The IBM Personal Computer, commonly known as the IBM PC, is the original version of the IBM PC compatible hardware platform. It is IBM model number 5150 and was introduced on August 12, 1981. It was created by a team of engineers and designers under the direction of Don Estridge in Boca Raton, Florida.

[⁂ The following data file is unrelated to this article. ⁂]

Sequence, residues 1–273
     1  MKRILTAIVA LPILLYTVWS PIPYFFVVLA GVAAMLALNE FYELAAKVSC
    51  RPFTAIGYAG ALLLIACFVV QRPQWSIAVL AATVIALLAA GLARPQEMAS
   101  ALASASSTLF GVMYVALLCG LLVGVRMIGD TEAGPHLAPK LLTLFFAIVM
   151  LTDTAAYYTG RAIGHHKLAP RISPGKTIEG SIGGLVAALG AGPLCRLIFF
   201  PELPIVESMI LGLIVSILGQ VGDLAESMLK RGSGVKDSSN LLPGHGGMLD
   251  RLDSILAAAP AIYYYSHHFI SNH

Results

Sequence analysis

The generic term "personal computer" ("PC") was in use years before 1981, applied as early as 1972 to the Xerox PARC's Alto, but the term "PC" came to mean more specifically a desktop microcomputer compatible with IBM's Personal Computer branded products. The machine was based on open architecture, and third-party suppliers sprang up to provide peripheral devices, expansion cards, and software. IBM had a substantial influence on the personal computer market in standardizing a platform for personal computers, and "IBM compatible" became an important criterion for sales growth. Only the Apple Macintosh family kept a significant share of the microcomputer market after the 1980s without compatibility to the IBM personal computer.